TV Review: Queen Sugar
TV Review: Queen Sugar
By Kelisha Graves
August 31, 2016
Premiere date: Tuesday, Sept. 6, 10 p.m. ET/PT; subsequent episodes air Wednesdays, 10 p.m. (OWN)
At its core, the OWN’s latest production, Queen Sugar, is a chronicle about agriculture and family, specifically the Bordelon family’s journey towards reckoning with their unsolicited 800-acre inheritance. In the age of series like Empire and Power, the idea of a series organized around farming and sugar cane might forebode of an uneventful turn in black television. But what is immediately noticeable about Queen Sugar is the genius of Ava Duvernay’s narratology. Based on the book, Queen Sugar, by Natalie Baszile, Duvernay’s screen edition is zesty and significantly more pungent than Baszile’s original literary effort.
From the opening scene, the characters emerge onscreen full-born and troubled. The oldest Bordelon sibling, Nova (Rutina Wesley), is an activist-journalist who quarrels internally against her own better judgment. The second oldest sibling, Charley (Dawn-Lyen Gardner), is an outrageously successful business prodigy who struggles to manage the ugly debris kicked up by her husband’s basketball scandal. The youngest Bordelon sibling, Ralph Angel (Kofi Siriboe), is a formerly incarcerated single father who battles against old habits as he strives to emerge from his own immaturity. Supported by brilliant talent that includes Tina Lifford as “Aunt Vi” and Omar Dorsey as Hollywood, these respective narratives/storylines move at the tedious speed of everyday life. Queen Sugar is about the small moments, not the big bangs. In this way, she aims to deliver sensitivity and sincerity. The only way to enjoy Queen Sugar is to soak it in and to let it marinate.
In respect to narratology, Duvernay has a particular penchant for details; or, better said, the nitty gritty facts of life, the tedious nuances and gestures that might otherwise be considered trivial. What cannot be ignored is her particular ability to convey the most tender and intimate moments with equal amounts candor and restraint. She also digs color and color-ed people (of all hues) and the emotion this combination evokes. Speaking of color, the color palette on this project is bodacious, juicy and scrumptiously subtle. Bursts of mahogany, rouge, canary, amber, and aqua literally massage our optic spheres into an allegiance with the screen.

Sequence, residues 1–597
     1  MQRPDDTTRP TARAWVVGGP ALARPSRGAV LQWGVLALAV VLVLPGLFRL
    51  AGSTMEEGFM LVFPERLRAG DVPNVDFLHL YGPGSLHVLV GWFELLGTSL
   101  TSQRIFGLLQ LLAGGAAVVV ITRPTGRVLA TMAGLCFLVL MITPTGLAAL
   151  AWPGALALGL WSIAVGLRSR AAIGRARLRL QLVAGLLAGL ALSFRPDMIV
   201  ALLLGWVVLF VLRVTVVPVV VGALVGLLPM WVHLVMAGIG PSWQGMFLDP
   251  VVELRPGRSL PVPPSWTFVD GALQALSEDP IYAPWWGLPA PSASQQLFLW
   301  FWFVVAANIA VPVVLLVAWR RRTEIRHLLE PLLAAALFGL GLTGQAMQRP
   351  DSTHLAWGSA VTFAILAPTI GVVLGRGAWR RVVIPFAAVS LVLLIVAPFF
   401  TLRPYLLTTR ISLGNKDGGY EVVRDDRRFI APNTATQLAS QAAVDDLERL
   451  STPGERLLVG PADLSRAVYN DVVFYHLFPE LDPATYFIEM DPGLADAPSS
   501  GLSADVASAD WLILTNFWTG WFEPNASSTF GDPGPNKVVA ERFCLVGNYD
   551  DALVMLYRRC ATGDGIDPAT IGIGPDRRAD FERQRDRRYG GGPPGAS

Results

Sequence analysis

From shea butter to onyx, the Queen Sugar cast is replete with all kinds of combustible black beauty. In fact, Queen Sugar is the most aesthetically delicious journey you will experience this season. Duvernay’s penchant for eclectic camera angles, and wide shots of opulent emerald agriculture (the cinematography is luscious without being gaudy) lend a cinematic breadth and width to what could have otherwise been a routine television experience. While Duvernay directed episodes 1 and 2, other directors for the series include: Neema Barnette, Salli Richardson Whitfield, Kat Candler, Tanya Hamilton, So Yong Kim, Tina Mabry, and Victoria Mahoney.
Since its inception, OWN has been helmed by the Tyler Perry machine. However, Queen Sugar is destined to mark a new turn for the network. Greenleaf and Queen Sugar represent OWN’s first endeavors into scripted televisions. This is an attempt to re-brand the network’s image in spite of the soap-opera patina that has only slightly made it competitive. What’s clear about the network is this: Queen Sugar has officially raised the bar on anything else that comes after it.
Cast: Rutina Wesley as Nova Bordelon. Dawn-Lyen Gardner as Charley Bordelon West. Kofi Siriboe as Ralph Angel Bordelon. Tina Lifford as Violet Bordelon. Omar Dorsey as Hollywood Desonier. Dondre Whitfield as Remy Newell. Bianca Lawson as Darla. Timon Kyle Durrett as Davis West. Greg Vaughan as Calvin. Nicholas L. Ashe as Micah West. Ethan Hutchison as Blue Bordelon. Marycarmen Lopez as Reyna Velez
Creator: Ava DuVernay.
Extended Trailer 2
A Taste of Queen Sugar